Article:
Vail Daily column: Think you’re immune from Alheimer’s?
Can you recall all the times your parents told you that you need to eat your vegetables or that sugar is bad for you? They may have been on to something.
The frequency and amounts of red meat, dairy products, breakfast cereal, bread and soft drinks you consume will affect more than your weight. Most likely, a lifestyle of eating such foods in greater amounts will affect your mind and may even contribute to the possibility of getting Alzheimer’s disease. Conversely, diets that promote a lifestyle of eating heart healthy foods may do more that keep your waistline in check; they may assist in curtailing the onset of cognitive dysfunction.
According to the U.S. Department of Agriculture, the average adult male in the U.S. consumes about 2640 calorie daily. Unfortunately, about 40 percent, or nearly 1,000, of these calories consist of sweeteners and added fats like seed oils, soybean oil, canola oil, butter and lard. By the same token, only about 424 calories of dairy, fruits and vegetables are eaten daily.
Our choices for quality food could be better. I recently read that “38 percent of adults in the U.S. report consuming fruits less than one time daily, and less than 22 percent report eating vegetables daily.”
When it comes to Alzheimer’s disease and cognitive function, diet absolutely plays a role. While you may think that all you can do is hope for the best and wait for a pharmaceutical cure for Alzheimer’s and other forms of dementia, the truth is much more encouraging.
The brain, like any organ or muscle, is affected by the foods we eat. Diets and lifestyles that promote higher quantities of leafy greens, vegetables, nuts, berries and omega-3 fats are proving to matter in reducing inflammation which causes damage to blood vessels and tissue in the brain.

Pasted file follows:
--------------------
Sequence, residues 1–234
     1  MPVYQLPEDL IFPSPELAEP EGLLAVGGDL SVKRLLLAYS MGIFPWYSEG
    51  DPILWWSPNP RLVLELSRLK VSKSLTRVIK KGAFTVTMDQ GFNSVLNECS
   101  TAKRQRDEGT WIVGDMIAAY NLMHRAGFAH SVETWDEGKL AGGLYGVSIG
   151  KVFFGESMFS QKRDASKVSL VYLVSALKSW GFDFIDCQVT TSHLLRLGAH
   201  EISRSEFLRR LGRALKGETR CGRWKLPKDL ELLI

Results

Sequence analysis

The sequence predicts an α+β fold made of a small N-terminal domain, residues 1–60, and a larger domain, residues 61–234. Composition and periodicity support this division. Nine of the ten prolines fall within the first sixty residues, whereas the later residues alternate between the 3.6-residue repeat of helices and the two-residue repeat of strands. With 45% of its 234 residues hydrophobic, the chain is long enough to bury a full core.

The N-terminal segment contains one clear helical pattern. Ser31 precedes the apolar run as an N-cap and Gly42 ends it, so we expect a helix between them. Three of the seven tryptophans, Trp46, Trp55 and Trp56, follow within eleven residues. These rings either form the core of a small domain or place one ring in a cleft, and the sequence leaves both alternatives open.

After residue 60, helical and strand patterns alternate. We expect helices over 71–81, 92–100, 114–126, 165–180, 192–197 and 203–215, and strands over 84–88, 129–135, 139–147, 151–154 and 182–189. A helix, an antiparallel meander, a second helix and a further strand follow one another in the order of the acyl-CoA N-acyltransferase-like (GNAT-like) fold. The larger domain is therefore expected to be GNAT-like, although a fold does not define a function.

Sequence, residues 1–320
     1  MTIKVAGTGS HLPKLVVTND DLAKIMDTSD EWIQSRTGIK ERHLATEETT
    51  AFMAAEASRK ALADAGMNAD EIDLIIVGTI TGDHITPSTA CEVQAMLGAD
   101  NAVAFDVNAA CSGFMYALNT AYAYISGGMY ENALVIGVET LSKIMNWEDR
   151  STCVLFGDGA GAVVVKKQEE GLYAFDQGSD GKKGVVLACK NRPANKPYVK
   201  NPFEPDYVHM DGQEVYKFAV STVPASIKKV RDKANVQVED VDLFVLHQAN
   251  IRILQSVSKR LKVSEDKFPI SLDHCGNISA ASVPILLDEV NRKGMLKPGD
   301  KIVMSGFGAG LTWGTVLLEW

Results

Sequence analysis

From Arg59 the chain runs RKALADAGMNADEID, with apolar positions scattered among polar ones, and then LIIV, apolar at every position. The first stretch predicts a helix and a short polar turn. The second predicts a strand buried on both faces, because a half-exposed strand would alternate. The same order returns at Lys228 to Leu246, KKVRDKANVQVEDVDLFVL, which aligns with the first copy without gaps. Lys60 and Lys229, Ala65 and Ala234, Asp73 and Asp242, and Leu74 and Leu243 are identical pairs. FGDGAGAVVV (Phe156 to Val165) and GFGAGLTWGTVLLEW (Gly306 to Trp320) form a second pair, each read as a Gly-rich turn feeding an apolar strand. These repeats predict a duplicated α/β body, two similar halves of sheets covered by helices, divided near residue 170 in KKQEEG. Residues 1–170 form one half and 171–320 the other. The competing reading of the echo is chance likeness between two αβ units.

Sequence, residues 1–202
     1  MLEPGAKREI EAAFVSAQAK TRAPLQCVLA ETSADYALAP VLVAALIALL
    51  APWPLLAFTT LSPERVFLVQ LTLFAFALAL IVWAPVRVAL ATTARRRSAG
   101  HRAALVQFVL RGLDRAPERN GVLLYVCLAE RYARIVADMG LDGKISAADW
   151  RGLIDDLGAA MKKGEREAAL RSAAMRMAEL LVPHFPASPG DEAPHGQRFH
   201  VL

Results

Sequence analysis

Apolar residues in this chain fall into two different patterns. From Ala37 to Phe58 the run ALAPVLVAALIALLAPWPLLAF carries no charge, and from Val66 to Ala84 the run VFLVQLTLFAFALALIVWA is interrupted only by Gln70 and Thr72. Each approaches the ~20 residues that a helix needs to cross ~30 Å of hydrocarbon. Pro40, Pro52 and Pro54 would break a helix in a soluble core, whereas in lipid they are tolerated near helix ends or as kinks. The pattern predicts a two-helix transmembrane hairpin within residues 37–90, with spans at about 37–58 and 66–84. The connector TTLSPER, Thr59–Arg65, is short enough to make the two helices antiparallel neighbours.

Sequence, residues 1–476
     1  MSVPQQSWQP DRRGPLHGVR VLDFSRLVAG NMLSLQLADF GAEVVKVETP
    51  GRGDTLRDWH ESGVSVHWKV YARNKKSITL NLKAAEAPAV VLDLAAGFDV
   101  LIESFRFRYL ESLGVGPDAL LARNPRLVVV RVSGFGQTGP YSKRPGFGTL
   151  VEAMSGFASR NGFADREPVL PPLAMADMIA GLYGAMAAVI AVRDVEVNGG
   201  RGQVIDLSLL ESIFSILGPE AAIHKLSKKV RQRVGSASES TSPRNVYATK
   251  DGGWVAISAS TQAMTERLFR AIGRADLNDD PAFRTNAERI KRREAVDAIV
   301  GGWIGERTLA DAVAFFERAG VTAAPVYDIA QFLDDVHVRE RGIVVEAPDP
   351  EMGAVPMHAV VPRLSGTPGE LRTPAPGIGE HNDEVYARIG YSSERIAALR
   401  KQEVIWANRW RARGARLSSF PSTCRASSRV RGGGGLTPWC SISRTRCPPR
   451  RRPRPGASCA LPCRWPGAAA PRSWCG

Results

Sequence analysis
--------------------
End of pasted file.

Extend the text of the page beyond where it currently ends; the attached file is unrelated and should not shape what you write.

Developed by Martha Clare Morris, a nutritional epidemiologist at Rush University Medical Center in Chicago, the “MIND” diet aims to lower the risk of dementia by promoting brain healthy foods. It is a combination of two diet philosophies, the Mediterranean diet and the “DASH” diet. MIND stands for “Mediterranean-DASH Intervention for Neurodegenerative Delay.”
The MIND diet includes foods and nutrients that medical literature and data show to be good for the brain, such as berries, green leafy veggies, nuts, beans, fish and poultry. While it is considered a diet, it really is more of a lifestyle, as it advocates a healthy way of eating.
In general, inflammation is your body’s first line of defense against infection and injury. It can be both a friend and foe.
The goal of the body’s acute inflammatory reaction is to bring white blood cells and plasma proteins to the site of infection and/or tissue damage. It is a local response to cellular injury that is marked by increased blood flow and capillary dilatation.
However, inflammation can turn on your body. When this happens, it is called chronic or systemic inflammation. This happens when inflammation starts to attack healthy cells, blood vessels, and tissues instead of protecting them.
Some the foods that cause inflammation include:
• Saturated fats: red fatty meats, processed meats, full-fat dairy and palm oil.
• Trans fats: fried food, fast food, processed snack foods and stick margarine.
• Refined carbohydrates: white rice, white potatoes (instant mashed potatoes or french fries) and many cereals.
• Gluten and casein: dairy and wheat.
• Artificial sweeteners.
LOWERING YOUR ODDS
Worldwide, research shows that it may be possible to deter cognitive decline via a combination of healthy habits. While age and genetics may play a roll in your risk factors, exercise, social engagement, mental stimulation, diet and even quality sleep are proving to help in reducing the risk of developing Alzheimer’s.
While results from diets and healthy lifestyles of eating vary widely, the “MIND” diet has scientifically proven to reduce the risk of hypertension, heart attack, stroke and protection against dementia.
I recently read a study published in The Journal of the Alzheimer’s Association that stated, “The MIND diet lowered the risk of Alzheimer’s by as much as 53 percent in participants who adhered to the diet rigorously, and by about 35 percent in those who followed it moderately.” Those are pretty supportive and promising statistics.
If you think you may be a candidate for getting Alzheimer’s, dementia or heart disease, then perhaps such a diet or lifestyle change may be worth adopting.
As with any diet, consult with a doctor before starting any new diet plan.
Judson Haims is the owner of Visiting Angels Home Care in Eagle County. His contact information is, http://www.visitingangels.com/comtns, or 970-328-5526.
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